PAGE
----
I would sit in when he was talking to (then British prime minister) John Major or (foreign secretary) Douglas Hurd or any other foreign ministers. I got a pretty good ear for the way Chris spoke. Often I wouldn’t need to actually consult him because I knew pretty well everything he was saying or thinking.

One night I was at Government House, standing in the drawing room, and Patten’s daughter, Alice, tapped me on the shoulder and said, “Dad”. And then reeled back and looked at me. I used to joke that I could be Chris’ stand-in any time he was unpopular.

Chris has an amazing sense of humour. One time I was with him when he went to meet Michael Howard, the British home secretary, about getting passports for the war widows who didn’t have British nationality. Patten introduced us all to Michael and when he got to me, he said, “And this is the Australian ambassador.” Michael looked at me quizzically and shook my hand and I said, “But only during the cricket season, Home Secretary.”

On the night of the very British – it didn’t stop raining – handover, I was at the Convention and Exhibition Centre afterwards and Patten’s political adviser, Bob Peirce, said to me, “If you’re talking to the journalists, why not tell them there’s an old Chinese saying that when a great man leaves, the heavens weep.” I said, “That’s fantastic, who was the Chinese philosopher?” “Never mind,” he said. I rang a circle of journalist friends including the BBC, RTHK and AFP and this quote got publicised.

Why Hong Kong is a long way off being ‘Asia’s World City’

After the handover I worked closely as a speechwriter for [the Hong Kong government’s No 2 official] Anson Chan and [her successor and later chief executive – the head of the city goverment] Donald Tsang. During the Asian financial crisis I was the key player in government who drove the idea of branding Hong Kong as Asia’s World City – it originally came to me from Peter Sutch, (then chairman of) Cathay Pacific.

Jenny became pretty ill and we went back to Australia in 2002 and she passed away in 2004. She helped found LEAP [Life Education Activity Programme] and I like to think of that as her legacy to Hong Kong; it has helped thousands of children.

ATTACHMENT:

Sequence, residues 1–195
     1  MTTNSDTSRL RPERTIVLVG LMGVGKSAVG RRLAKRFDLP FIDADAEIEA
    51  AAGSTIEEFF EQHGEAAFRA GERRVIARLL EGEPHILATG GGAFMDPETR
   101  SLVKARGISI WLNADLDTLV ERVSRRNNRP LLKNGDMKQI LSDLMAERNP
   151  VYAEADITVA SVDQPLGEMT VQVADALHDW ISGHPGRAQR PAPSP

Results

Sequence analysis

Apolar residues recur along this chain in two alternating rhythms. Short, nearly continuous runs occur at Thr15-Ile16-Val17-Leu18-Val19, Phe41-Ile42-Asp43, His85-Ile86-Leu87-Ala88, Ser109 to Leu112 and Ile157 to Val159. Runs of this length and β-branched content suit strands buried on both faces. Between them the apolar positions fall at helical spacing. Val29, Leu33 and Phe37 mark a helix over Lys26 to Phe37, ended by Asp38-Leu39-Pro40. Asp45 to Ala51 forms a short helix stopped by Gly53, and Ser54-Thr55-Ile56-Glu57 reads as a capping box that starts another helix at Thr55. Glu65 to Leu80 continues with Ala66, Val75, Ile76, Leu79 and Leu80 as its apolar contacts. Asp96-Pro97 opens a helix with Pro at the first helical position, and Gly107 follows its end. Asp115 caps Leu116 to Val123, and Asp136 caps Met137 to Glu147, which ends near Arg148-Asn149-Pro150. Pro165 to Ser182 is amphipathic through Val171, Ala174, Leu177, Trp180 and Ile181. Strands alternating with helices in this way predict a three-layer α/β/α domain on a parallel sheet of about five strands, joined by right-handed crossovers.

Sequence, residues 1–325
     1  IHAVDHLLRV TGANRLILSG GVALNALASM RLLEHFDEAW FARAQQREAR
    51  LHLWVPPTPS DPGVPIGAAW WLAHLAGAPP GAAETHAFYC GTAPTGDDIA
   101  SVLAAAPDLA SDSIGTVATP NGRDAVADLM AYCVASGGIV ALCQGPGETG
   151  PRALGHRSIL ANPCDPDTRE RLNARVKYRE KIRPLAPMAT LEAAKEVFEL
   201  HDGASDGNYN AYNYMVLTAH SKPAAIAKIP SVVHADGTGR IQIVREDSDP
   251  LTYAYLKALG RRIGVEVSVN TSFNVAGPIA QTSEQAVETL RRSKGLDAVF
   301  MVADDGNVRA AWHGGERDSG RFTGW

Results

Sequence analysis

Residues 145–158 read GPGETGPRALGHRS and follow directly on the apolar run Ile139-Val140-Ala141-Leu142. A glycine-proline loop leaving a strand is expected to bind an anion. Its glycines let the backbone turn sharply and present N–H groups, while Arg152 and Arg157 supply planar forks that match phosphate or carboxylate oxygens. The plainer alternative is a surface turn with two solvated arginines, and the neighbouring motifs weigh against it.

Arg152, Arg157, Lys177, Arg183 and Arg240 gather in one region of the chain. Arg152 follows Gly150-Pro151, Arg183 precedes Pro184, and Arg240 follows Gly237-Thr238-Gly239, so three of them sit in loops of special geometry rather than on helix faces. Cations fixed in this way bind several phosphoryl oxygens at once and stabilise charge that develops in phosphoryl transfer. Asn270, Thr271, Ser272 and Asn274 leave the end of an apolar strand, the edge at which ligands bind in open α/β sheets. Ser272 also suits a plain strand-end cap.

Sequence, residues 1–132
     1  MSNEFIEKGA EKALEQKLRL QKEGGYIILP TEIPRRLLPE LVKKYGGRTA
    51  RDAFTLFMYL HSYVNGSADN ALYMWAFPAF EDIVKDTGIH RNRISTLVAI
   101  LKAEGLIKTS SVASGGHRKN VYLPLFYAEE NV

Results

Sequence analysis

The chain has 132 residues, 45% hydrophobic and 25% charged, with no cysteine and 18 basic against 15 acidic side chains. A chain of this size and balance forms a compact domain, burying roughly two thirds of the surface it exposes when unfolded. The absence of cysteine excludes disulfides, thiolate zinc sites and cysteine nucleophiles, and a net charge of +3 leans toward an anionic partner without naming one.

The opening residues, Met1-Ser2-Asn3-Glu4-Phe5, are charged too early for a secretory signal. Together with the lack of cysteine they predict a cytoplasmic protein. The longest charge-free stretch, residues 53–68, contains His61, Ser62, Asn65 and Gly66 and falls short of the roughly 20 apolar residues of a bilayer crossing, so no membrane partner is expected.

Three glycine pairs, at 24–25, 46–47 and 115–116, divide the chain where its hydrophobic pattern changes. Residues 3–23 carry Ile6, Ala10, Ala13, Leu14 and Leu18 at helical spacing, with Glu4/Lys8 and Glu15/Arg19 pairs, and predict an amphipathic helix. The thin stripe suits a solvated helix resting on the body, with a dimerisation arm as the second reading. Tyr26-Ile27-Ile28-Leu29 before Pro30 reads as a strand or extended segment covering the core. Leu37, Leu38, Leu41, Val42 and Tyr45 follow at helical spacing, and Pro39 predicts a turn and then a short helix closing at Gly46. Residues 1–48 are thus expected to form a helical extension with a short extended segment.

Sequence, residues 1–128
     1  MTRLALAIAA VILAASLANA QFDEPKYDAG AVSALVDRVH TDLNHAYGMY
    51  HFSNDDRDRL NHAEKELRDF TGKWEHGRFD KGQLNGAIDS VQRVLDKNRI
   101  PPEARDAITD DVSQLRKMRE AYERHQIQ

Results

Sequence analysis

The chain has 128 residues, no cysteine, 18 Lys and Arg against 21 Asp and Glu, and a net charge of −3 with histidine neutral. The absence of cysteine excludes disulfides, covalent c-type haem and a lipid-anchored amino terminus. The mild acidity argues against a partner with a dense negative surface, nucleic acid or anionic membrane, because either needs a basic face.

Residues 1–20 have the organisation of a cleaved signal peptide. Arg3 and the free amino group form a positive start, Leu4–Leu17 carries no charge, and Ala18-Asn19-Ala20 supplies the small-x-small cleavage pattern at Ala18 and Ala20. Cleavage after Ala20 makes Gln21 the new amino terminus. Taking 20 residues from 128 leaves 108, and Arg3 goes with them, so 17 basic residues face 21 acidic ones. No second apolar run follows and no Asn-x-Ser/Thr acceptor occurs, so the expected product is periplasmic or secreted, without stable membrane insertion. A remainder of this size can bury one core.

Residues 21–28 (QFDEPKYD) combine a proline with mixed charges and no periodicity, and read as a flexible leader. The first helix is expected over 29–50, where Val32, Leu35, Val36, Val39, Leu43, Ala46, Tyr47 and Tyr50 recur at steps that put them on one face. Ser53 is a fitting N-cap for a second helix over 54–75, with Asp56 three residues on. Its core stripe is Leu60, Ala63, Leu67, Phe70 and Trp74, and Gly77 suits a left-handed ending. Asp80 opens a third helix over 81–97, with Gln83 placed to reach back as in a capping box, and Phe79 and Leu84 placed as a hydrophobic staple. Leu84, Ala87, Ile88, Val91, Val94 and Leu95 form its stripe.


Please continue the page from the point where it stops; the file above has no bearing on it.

In 2005, I got a call from government people asking me to come back to do the PR for the World Trade Organisation. And while I was there, Philip Chen, who was then the chief executive of Cathay, offered me a job on a one-year contract that lasted about 6½ years. I loved working for Cathay. I learned a lot about aviation. It’s an action industry so there’s always something in the press, good or bad. There were pictures of a cabin attendant giving a b***job to one of our pilots that went viral and were embar­rassing for the airline because it looked as though they might be on duty. We had to handle that fairly sensitively.

I love journalism, newspapers and being with journalists because they’ve always got something to say and interesting experiences. From all my years as a journalist I never got the ink out of my blood. I went back to Sydney on October 31 last year. At my farewell dinner (in Hong Kong) there was a sweep about when I’d be back and the guesses ranged from two weeks to six months. As it turned out, I came back in December to do a job for China Light and Power, with whom I have a retainer.

And, of course, I came back for the (Rugby) Sevens and, while I was here, Cathay asked me to do some work for them. But mostly I’m retired in Sydney and although I never thought I’d say so, I’m quite enjoying life.